Athlete’s Foot, while common, can be uncomfortable and even painful if not treated correctly and quickly. The good news is that athlete’s foot should resolve in 7-14 days if you take the right precautions.
What is Athlete’s Foot?
Athlete’s foot occurs when your foot or another area of your body comes into contact with infected skin or a surface that is contaminated with a fungus (a form of ringworm). This fungus thrives in warm, wet environments like sweaty shoes/socks and showers, which is why it’s associated with working out. It is possible to get Athlete’s Foot even if you never go to the gym.
In many cases of Athlete’s Foot, the infected area will:
- Appear pale and sometimes even wrinkly (like if you stay in the bathtub too long)
- Or it will develop redness and itchy, flaky skin
- Pain and bacterial infection are also possible
The most common type of Athlete’s Foot is referred to as a toe web infection and usually appears between the webs of your fourth and fifth toes. There are some other, rarer types of Athlete’s foot.
How To Treat It At Home
The main objectives when treating athlete’s foot at home are to dry out the affected area and to keep it from spreading. First, be sure to keep your feet dry by changing out your socks regularly and avoiding situations where they will stay wet for long periods of time (extended baths or showers, long workouts, etc.).
Because athlete’s foot is contagious as long as the infection is present, it’s important to keep the infected area from touching surfaces that can’t be washed and to launder or wash areas it must touch. Here’s the best way to avoid spread and get rid of the infection fast:
- Don’t scratch! You can spread the fungus to another area like your armpit or groin, and it slows healing.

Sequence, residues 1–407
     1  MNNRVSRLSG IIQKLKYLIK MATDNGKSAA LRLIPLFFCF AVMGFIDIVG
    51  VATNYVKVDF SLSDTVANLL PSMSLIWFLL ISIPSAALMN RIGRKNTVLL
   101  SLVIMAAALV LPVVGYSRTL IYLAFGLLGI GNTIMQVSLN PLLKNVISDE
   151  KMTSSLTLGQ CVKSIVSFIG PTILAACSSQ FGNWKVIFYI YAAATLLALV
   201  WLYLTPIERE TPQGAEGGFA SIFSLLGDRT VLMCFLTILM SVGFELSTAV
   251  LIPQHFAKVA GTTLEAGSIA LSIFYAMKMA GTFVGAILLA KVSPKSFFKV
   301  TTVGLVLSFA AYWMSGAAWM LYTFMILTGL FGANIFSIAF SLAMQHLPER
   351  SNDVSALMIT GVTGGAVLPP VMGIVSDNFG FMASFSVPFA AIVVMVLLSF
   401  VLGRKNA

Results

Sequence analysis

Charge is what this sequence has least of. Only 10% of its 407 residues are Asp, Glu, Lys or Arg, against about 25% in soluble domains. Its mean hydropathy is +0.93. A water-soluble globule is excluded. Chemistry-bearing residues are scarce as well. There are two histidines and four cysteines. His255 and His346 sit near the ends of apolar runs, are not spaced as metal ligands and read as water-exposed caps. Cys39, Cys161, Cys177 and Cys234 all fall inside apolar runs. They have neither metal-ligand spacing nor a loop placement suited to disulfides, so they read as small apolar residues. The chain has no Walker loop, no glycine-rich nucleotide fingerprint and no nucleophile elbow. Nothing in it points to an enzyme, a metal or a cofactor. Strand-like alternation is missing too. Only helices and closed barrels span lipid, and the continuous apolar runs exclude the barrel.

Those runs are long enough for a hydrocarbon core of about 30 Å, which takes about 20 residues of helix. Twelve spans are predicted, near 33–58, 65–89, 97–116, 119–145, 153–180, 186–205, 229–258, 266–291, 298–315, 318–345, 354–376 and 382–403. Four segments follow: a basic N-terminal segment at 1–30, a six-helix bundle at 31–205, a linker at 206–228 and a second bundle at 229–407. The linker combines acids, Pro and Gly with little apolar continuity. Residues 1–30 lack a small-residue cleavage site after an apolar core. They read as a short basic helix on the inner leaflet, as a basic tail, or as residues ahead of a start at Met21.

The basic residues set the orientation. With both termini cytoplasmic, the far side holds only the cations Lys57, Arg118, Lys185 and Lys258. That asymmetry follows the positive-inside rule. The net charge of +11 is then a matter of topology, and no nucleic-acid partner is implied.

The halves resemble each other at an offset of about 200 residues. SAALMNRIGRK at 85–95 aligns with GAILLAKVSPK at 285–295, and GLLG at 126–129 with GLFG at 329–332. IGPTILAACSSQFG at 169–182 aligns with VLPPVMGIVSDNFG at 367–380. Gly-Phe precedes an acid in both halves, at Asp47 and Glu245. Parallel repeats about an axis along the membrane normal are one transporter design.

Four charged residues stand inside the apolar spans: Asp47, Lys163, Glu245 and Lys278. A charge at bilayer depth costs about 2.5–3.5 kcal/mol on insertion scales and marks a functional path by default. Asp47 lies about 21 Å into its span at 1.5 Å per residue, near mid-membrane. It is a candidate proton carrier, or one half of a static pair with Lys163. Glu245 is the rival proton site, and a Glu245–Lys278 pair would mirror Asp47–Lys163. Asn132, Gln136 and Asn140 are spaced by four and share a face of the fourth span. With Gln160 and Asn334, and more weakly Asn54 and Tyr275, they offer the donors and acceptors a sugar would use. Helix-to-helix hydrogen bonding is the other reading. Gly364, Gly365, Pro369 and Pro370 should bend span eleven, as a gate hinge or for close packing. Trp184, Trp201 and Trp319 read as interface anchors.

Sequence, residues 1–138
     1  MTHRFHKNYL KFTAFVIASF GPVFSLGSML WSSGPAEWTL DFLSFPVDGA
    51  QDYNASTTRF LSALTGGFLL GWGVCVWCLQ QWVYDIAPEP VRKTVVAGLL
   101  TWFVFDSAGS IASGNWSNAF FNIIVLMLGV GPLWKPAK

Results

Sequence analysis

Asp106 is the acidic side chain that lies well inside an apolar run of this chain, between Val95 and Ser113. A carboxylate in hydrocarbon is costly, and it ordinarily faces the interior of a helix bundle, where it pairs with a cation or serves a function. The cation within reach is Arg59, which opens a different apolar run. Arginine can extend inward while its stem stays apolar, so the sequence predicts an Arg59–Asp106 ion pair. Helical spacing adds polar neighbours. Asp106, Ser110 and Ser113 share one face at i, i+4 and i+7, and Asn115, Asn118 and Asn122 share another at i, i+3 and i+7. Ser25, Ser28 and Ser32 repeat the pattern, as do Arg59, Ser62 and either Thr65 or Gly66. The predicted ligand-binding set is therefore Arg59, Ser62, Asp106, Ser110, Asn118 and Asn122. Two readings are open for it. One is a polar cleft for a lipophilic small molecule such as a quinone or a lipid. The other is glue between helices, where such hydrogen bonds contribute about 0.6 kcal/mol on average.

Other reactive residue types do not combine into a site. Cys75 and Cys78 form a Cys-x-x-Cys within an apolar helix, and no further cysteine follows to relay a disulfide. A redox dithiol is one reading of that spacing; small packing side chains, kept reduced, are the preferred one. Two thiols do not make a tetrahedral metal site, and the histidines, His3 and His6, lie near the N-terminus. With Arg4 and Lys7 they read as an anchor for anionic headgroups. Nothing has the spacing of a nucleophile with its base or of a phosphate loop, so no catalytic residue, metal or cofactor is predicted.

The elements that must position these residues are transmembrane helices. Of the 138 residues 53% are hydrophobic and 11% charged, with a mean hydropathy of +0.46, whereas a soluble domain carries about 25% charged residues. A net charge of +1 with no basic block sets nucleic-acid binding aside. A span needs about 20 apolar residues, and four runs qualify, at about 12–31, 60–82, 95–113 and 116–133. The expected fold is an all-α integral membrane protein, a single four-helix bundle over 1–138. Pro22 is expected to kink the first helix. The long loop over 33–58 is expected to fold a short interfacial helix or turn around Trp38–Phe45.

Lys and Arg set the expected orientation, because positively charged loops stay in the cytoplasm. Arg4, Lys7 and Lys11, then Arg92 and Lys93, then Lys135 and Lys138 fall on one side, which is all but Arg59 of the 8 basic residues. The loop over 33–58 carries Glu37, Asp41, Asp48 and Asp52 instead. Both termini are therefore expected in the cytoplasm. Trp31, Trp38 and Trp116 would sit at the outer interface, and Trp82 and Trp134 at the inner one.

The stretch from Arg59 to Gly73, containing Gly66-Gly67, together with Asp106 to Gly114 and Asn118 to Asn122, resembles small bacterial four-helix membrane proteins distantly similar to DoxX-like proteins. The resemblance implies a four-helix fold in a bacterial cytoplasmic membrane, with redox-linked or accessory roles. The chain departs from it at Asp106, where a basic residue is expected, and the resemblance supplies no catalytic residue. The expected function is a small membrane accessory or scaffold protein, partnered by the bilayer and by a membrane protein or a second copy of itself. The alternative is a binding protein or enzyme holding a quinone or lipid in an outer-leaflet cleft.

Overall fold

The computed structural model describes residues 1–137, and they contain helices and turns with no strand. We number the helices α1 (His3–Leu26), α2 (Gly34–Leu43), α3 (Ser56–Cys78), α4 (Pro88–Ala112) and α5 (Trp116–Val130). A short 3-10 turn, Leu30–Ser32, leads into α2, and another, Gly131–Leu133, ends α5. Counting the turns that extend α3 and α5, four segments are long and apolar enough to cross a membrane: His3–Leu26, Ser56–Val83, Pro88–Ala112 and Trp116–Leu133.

- Use a medicated foot spray or powder with the antifungal medicine miconazole. It will dry out the area and help kill the fungus.
- Don’t use bleach or peroxide as a treatment for athlete’s foot. These can cause skin to breakdown and ulceration.
- Keep laundry separated
- Separate contaminated laundry from the rest of your washing to prevent spread (keep it out of shared laundry baskets).
- Wash in separate loads so uncontaminated laundry doesn’t get washed with affected socks, etc.
- Launder socks and other clothing/linens that come in contact with the infected area in HOT water.
- If you share a bed with someone, don’t sleep barefoot, as you or the sheets can spread the fungus.
- Change up which shoes you are wearing so they dry out between wears. And always wear socks! You may have to throw out shoes worn without socks, since they can harbor the fungus.
Are There Natural Remedies For Athlete’s Foot?
If you take these steps you should be able to stop the infection in a week or so. If you want more information, check out our article on 6 ways to fight foot fungus. While home treatment can work, it does require a good bit of care. We don’t recommend using natural treatments (like tea tree oil, garlic or even baking soda) because ringworm is a tenacious fungus and often overpowers their anti-fungal properties.
When to See a Podiatrist
If you are experiencing significant pain or itching or if after two weeks of treatment at home, you still have the infection, it’s time to see a podiatrist. They will examine the affected area to determine treatment. They can prescribe a strong antifungal medication and possibly an antibiotic, if needed. They can also help you troubleshoot areas of your routine that may be helping the infection stick around. In addition, they will also check to make sure the infection you have is Athlete’s Foot, in case it is another issue requiring different treatment.
If you’ve been losing the battle against Athlete’s Foot, contact us so we can get you in for an assessment at a location near you.